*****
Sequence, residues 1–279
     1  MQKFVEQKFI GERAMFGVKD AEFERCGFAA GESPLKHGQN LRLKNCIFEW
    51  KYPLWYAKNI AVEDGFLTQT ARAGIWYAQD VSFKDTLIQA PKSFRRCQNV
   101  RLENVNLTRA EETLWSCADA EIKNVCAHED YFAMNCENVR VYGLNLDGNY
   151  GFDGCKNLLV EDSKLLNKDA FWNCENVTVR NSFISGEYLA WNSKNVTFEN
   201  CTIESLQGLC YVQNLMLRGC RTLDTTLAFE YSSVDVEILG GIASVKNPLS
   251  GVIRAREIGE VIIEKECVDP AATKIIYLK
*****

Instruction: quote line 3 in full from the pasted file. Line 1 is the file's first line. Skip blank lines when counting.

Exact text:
    51  KYPLWYAKNI AVEDGFLTQT ARAGIWYAQD VSFKDTLIQA PKSFRRCQNV